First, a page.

Introduction: 3D Printed GPS Motorcycle Mount

Picture of 3D Printed GPS Motorcycle Mount

I used to own a Garmin Outdoor GPS which was perfect for hiking, and using on the motorcycle. It was the Garmin GPSMap 60 CS. It was rain proof, lasted long on it's 2xAA batteries, and was very useful for navigating.

Sadly it got stolen when my backpack got lifted...

I needed to get another replacement, but could not afford the high cost of another outdoor GPS. I opted to buy a second hand Garmin Nuvi 30, which costed about one tenth of the Garmin GPSMap. It operated effectively, but the standard ball-joint & suction cup would not work on the bike. I know of the available clips online, but could not find any at a resonable price locally. I decided to see how I could adapt the standard Nuvi Cradle, and link it to my remaining GPS mount clip, which is what I used to use for the previous GPS.

Step 1: Critical Dimensions Leading to CAD

Picture of Critical Dimensions Leading to CAD

I decided to 3D Print a bracket which fits around the Nuvi Cradle section, and is able to clip into the existing GPS Bar-Mount. For this to be printed effectively, the CAD model would need to be accurate and toleranced effectively.

Using a pair of vernier calipers I carefully measured all of the mating faces and modeled a suitable bracket.

Step 2: ​CAD Development

Picture of ​CAD Development

I modeled the components using SolidWorks 2014. Once they assembled effectively I prepared the bracket component for 3D Printing through this production flow: Solid Works Part Environment > Save part as high resolution STL file. Open up STL file in UP Mini Software and prepared the file for Solid Printing at the machines Highest Resolution (0.2mm layers). Printed on Up! Mini using natural ABS plastic.

Step 3: Assessment of the 3D Print

Picture of Assessment of the 3D Print

I assembled the components and they fitted together well. Some areas were too tight, and I assume the printing layers (and my overenthusiastic tight tolerancing) lead to the parts being a bit too snug. I marked up the areas where the CAD model needed a bit of tweeking.

I wanted to thicken the entire bracket by another 1mm wall thickness, which lead to me using this iteration as a developmental model.

Step 4: Finalising and Finishing the Final Bracket.

Picture of Finalising and Finishing the Final Bracket.

Once I was happy with the CAD component, I printed it in the same manner as the first (ABS, Solid, 0.2mm Layers).

To fuse the entire component and make it stronger, I paint over the surface with a charged paintbrush full of Chloroform, or MEK. This melts the plastic and creates a homogeneous surface. This surface is stronger, sands easier, and can take paint more effectively.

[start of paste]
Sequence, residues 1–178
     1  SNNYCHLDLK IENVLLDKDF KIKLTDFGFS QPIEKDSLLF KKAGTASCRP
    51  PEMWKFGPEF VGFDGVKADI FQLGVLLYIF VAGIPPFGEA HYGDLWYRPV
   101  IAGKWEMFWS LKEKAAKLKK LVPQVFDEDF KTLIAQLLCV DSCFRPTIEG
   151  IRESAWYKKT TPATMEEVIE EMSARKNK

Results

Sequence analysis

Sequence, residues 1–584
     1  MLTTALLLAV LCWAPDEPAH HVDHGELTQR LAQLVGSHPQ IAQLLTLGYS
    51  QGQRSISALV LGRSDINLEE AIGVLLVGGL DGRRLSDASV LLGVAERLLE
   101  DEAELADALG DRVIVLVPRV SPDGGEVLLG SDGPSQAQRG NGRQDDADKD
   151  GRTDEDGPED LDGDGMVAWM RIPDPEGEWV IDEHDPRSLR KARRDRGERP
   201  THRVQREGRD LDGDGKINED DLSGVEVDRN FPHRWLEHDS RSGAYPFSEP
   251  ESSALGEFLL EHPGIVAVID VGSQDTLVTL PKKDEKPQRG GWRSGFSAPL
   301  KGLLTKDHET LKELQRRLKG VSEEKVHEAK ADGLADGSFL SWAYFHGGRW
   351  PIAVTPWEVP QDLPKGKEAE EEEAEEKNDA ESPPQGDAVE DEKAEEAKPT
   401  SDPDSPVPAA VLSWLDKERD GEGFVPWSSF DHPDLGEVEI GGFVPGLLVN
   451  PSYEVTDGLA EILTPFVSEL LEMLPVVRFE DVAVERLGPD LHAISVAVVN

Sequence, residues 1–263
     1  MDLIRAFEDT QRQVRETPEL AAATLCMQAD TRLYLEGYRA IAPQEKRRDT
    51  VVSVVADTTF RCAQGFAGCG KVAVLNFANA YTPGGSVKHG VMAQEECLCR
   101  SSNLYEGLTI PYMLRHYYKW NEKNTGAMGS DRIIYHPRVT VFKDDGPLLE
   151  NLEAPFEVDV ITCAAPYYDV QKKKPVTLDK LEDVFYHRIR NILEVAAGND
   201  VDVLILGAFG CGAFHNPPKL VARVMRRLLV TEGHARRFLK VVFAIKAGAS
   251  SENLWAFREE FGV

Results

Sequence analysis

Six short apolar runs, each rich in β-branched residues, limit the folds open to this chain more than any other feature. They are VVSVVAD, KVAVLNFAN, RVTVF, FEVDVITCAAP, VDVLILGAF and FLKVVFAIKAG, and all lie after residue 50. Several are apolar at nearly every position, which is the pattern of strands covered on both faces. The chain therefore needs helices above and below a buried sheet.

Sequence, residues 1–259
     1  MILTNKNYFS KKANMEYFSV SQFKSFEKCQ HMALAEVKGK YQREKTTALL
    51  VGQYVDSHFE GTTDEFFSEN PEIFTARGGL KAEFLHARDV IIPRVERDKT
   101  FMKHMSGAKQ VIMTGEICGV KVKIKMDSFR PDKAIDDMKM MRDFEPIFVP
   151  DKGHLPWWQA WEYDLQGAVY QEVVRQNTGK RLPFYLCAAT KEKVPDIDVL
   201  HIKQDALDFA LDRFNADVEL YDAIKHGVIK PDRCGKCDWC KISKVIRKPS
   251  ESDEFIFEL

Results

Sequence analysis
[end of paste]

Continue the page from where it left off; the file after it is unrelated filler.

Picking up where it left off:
I opted for mechanical fasteners to hold all the printed bracket to the Nuvi Cradle. This is due to the fact that the components are different plastic types and I wouldn't trust an adhesive to attempt to hold these two together over rough roads and bumps.

3mm Self-tapping screws did the trick.

Finishing: The plastic was natural ABS Plastic with extremely nice workability and suitable strength, but practically zero UV protection. This would result in the bracket immediately deteriorating and becoming fragile as it is exposed to sunlight. I decided to spray the bracket with a thick coat of enamel spray. I disassembled the bracket and sprayed the entire outside of the component. Once dry, I was glad I took off the 0.5 mm in the mating surfaces, as the paint was surprisingly thick.

Step 5: Finished Bracket

Picture of Finished Bracket

I assembled the final bracket and it worked out perfectly.

Several questions which I foresee possible be coming my way:

What about the power?

I have a 12V lighter socket under the seat, and can run a usb power cable under the seat and up to the GPS. I mainly do short trips around town so its easier to just pop the GPS in and go. If there are any suggestions on how to leave the USB Cable in place and some-how waterproof it please let me know.

What about the rain getting on the GPS?

The thunderstorms here are fast and generally end quickly, I try wait them out. So until I buy a waterproof GPS, I will just have to put up with this one for meanwhile.

I will try and upload some CAD Screenshots tomorrow, however I hope this is interesting in the meanwhile.

Any comments or questions please shoot!

Martin.

Step 6:

Comments

BG_instructs (author)2015-08-24

Nice job, how does it hold after half a year?

Sadly the bike is no more. It got written off in an attempted theft. The front suspension and wheel got destroying while attempting to break the steering lock... but luckily the bracket survived! (But I forgot to remove it before the coroner took the bike).

Argh shame, major loss of both the bike and the bracket...Hope you found another bike to your likes

seamster (author)2015-01-12

Great work! I love seeing custom solutions like this.

Bummer about you bag being stolen; I've been there, and it really sucks!

About This Instructable

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Bio: I am a qualified Industrial Designer based in Johannesburg, South Africa, and UK Citizen. I currently am working as a researcher, Industrial Design Lecturer, and ... More »
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